But, why is there the p<0.05 standard, given its transparent stupidity, uselessness, and incitement to dishonesty? Because careerists need concrete goals to plod towards. Referees and editors want concrete standards to use to reject papers.

    The cognitive dissonance just on this one aspect of scientific work is amazing. If you approach things one way---with a smile and a nod and a wink and an absence of judgment---you can get working "scientists" to admit that "everyone" tortures their data to get to the magical p<0.05. If you approach things another way---question the utility of p<0.05 directly or don't, yourself, bother to do the torturing to get from p=0.06 to p<0.05---you get outraged condemnation and intimations of incompetence.

    The lying and the careerism are intimately causally entwined throughout the enterprise.

  3. What does honesty mean?

    Honest and upright low IQ people might be the most honest people there are. They mostly know what they don't know and they are often ready to admit they don't know something. They don't make inflated logical claims, especially when they know higher IQ people would prove them to be false. They use simple logics that deliver practical results in their life. These simple logics are not connected to intricate theorizing.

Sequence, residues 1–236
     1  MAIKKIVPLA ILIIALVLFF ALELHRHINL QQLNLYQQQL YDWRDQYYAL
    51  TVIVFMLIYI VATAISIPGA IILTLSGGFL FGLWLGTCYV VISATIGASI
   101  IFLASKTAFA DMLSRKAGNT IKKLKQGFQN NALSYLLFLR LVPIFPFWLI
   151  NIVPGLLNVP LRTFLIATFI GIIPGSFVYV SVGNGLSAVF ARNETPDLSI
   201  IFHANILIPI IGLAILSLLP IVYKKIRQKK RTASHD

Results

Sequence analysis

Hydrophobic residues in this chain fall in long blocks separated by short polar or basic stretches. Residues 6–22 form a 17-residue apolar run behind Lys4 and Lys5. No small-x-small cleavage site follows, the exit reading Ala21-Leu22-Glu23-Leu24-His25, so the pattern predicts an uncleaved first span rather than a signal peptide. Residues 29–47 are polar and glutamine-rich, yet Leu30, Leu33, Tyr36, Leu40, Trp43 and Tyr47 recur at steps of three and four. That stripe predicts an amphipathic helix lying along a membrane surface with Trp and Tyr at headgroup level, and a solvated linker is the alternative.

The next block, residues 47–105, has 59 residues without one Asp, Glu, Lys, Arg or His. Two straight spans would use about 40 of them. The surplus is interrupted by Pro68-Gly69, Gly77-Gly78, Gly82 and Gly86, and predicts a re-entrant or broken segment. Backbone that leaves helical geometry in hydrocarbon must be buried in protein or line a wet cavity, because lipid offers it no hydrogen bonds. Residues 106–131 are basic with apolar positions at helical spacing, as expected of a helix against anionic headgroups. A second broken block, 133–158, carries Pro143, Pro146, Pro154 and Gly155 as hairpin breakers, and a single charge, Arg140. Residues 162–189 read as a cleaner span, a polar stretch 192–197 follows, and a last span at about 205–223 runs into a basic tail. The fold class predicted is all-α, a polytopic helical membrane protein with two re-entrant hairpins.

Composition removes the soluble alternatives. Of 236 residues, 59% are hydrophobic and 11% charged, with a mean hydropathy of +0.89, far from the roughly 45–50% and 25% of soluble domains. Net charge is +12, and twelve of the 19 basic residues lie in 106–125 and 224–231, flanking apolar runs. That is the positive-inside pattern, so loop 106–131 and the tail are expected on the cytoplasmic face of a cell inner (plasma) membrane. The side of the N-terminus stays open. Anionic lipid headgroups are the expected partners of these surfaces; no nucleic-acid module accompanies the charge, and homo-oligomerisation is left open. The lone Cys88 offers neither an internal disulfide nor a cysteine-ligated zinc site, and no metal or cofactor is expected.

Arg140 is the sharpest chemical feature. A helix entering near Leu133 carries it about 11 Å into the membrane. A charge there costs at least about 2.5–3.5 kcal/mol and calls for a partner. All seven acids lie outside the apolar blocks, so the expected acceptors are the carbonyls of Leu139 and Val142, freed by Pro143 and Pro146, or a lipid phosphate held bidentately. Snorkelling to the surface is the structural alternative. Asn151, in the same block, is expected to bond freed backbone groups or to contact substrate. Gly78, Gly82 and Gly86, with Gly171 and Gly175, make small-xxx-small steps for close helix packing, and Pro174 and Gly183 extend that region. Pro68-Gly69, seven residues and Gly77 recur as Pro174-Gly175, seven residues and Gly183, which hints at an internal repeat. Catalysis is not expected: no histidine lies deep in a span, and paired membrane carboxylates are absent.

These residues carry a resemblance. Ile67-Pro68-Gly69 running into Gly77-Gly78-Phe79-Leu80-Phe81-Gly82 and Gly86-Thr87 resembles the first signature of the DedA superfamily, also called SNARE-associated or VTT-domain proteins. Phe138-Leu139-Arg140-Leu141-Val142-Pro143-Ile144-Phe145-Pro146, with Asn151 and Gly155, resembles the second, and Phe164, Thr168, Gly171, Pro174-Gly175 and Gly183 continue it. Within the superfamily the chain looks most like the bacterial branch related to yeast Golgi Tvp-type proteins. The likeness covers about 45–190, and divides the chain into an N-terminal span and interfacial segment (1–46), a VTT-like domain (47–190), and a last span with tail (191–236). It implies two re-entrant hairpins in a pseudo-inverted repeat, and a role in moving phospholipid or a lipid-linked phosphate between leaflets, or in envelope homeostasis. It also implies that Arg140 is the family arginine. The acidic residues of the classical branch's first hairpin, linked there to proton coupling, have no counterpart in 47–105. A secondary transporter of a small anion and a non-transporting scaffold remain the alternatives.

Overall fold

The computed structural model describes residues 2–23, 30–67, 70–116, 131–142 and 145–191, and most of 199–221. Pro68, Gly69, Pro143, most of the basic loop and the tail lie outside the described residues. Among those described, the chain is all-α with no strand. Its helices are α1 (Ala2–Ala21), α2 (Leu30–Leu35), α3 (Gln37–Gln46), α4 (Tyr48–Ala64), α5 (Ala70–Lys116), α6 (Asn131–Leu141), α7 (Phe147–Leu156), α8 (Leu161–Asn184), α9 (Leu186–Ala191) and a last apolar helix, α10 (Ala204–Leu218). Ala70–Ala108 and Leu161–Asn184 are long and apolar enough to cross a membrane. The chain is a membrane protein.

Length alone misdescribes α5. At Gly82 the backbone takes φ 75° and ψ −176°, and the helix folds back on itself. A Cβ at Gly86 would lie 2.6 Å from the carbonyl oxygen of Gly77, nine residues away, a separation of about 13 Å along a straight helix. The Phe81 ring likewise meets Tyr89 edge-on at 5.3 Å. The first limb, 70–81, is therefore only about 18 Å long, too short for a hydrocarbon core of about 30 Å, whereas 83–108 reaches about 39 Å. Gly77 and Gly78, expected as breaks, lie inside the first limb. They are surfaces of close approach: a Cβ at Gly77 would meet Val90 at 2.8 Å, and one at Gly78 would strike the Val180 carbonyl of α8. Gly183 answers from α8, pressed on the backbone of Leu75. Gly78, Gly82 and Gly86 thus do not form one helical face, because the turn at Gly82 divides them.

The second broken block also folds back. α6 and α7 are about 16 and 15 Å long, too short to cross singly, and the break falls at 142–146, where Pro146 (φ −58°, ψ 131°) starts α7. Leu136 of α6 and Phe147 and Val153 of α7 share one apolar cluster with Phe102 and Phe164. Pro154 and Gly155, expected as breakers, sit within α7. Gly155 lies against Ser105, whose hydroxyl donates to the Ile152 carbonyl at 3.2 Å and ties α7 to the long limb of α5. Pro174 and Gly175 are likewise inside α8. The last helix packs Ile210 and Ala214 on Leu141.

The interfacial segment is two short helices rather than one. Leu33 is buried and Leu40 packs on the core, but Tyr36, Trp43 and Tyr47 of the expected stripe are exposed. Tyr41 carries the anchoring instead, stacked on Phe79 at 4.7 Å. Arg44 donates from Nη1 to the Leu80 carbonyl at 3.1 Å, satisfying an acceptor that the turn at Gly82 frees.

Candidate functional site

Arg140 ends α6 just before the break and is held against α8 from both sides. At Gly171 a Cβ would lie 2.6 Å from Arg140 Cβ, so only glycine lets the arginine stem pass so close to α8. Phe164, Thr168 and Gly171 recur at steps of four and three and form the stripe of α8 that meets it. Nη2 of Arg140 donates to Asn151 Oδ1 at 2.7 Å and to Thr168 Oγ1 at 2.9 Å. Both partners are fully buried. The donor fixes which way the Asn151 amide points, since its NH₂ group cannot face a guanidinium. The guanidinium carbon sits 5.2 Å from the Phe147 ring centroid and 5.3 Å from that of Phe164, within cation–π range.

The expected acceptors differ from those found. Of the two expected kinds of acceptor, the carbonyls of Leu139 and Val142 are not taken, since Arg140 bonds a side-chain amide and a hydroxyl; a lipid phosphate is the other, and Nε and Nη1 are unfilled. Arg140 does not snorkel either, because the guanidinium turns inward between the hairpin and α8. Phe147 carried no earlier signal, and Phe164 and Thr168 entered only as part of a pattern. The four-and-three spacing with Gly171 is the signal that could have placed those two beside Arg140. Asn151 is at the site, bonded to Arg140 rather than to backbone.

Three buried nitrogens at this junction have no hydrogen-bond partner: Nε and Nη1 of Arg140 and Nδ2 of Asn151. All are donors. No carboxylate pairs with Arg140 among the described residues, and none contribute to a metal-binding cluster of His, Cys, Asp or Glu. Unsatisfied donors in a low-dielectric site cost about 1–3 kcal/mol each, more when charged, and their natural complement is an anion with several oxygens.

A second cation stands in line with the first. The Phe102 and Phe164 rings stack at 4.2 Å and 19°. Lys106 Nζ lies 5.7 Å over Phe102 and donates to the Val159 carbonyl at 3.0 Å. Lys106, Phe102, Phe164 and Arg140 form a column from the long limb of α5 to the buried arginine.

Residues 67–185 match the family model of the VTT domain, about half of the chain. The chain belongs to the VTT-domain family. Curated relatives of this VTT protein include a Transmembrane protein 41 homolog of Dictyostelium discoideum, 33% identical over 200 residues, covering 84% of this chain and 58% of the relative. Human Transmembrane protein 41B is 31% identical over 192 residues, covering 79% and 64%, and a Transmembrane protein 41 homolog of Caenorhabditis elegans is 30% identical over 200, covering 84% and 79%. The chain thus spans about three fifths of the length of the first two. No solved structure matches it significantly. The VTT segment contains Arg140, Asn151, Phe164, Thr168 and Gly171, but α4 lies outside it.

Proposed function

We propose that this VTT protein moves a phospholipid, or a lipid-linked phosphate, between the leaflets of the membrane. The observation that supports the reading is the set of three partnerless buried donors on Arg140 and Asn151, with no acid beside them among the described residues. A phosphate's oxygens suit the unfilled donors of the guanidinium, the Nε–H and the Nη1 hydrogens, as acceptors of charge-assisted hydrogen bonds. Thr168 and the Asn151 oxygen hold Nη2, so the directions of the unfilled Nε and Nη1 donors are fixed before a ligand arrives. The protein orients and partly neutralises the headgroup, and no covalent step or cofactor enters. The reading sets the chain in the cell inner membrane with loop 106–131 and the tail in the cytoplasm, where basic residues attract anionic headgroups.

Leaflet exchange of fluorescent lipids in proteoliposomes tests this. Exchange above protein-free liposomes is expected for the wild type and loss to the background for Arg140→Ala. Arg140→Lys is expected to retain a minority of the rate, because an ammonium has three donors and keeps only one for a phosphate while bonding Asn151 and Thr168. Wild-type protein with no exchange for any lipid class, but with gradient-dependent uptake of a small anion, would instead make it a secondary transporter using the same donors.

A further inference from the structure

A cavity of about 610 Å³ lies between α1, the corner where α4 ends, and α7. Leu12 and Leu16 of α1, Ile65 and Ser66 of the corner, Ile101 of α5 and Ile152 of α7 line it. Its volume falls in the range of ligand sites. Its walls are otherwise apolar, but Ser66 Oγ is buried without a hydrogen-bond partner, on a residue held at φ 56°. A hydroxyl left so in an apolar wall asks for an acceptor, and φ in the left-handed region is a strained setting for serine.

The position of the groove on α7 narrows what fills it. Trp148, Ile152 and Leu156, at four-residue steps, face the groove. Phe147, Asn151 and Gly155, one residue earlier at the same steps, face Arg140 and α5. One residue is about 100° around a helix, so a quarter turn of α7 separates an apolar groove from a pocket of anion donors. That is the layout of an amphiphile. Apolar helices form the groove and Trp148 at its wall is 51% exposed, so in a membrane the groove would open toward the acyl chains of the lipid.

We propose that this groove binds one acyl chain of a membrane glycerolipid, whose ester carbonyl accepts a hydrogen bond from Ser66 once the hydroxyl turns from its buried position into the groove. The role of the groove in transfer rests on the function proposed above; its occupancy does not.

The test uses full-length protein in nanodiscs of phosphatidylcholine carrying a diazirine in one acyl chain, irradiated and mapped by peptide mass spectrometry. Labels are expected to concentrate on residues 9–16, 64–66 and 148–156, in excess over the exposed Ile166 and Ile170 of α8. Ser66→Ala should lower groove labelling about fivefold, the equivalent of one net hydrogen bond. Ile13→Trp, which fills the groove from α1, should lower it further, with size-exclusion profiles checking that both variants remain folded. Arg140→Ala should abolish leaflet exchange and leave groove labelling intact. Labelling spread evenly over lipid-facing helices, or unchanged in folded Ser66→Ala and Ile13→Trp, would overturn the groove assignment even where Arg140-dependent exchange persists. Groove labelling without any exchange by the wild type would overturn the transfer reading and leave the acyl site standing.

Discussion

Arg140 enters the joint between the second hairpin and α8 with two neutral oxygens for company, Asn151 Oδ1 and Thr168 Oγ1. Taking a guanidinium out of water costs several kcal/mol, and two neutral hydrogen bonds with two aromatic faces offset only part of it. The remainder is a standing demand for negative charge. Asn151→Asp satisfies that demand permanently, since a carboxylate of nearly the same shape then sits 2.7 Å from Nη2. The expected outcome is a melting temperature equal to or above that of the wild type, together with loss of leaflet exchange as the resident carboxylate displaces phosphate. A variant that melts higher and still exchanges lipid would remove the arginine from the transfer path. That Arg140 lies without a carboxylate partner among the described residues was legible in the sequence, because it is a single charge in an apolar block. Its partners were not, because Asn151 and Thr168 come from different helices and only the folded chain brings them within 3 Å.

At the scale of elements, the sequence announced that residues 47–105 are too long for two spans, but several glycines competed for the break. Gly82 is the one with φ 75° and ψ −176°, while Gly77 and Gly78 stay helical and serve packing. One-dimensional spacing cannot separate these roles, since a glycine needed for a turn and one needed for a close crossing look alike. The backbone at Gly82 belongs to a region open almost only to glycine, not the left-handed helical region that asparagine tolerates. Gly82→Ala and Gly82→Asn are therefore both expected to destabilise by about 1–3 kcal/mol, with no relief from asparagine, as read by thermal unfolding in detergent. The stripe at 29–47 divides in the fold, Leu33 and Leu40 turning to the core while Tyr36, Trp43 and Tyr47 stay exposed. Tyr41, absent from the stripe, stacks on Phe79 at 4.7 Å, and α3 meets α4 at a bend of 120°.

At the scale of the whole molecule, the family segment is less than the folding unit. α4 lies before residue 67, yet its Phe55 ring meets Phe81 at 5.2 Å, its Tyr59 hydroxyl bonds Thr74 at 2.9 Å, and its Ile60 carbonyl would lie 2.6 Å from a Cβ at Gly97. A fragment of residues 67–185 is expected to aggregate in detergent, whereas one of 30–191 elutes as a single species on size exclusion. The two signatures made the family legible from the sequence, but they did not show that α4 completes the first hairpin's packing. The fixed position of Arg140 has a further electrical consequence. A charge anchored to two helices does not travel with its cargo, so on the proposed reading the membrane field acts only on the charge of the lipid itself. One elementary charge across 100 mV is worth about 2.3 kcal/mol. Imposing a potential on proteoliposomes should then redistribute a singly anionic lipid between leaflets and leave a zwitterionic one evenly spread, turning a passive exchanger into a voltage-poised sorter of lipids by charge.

I illuminate this topic a little with an example. I debate often in a certain Finnish blog. One of the debaters is a mathematically oriented computer program reseacher. No matter what the topic is, he (X) produces complex and beautiful logics starting from his point of view. So impressive were they, that often people who had the opposite opinion, would immeadiately change they views to conform to X's opinions (his openness about his scientist status of course helped; authority psychological principle). I happen to see through those logics, so I again and again pointed out the errors and presented opposite logics. After a while people started to wait my answers to evaluate X's comments.

    Rarely was there any feeling that X lied. He just produced the maximum verbal complexity he could, and it was enough to mesmerize him too. To see errors in a logic, especially profound errors, not just small errors, one have to rise above the said logic with one's knowledge and/or IQ. While there are many people who can point logical errors in lower IQ people's logic, there are considerably less people who can point profound errors in scientists' logics.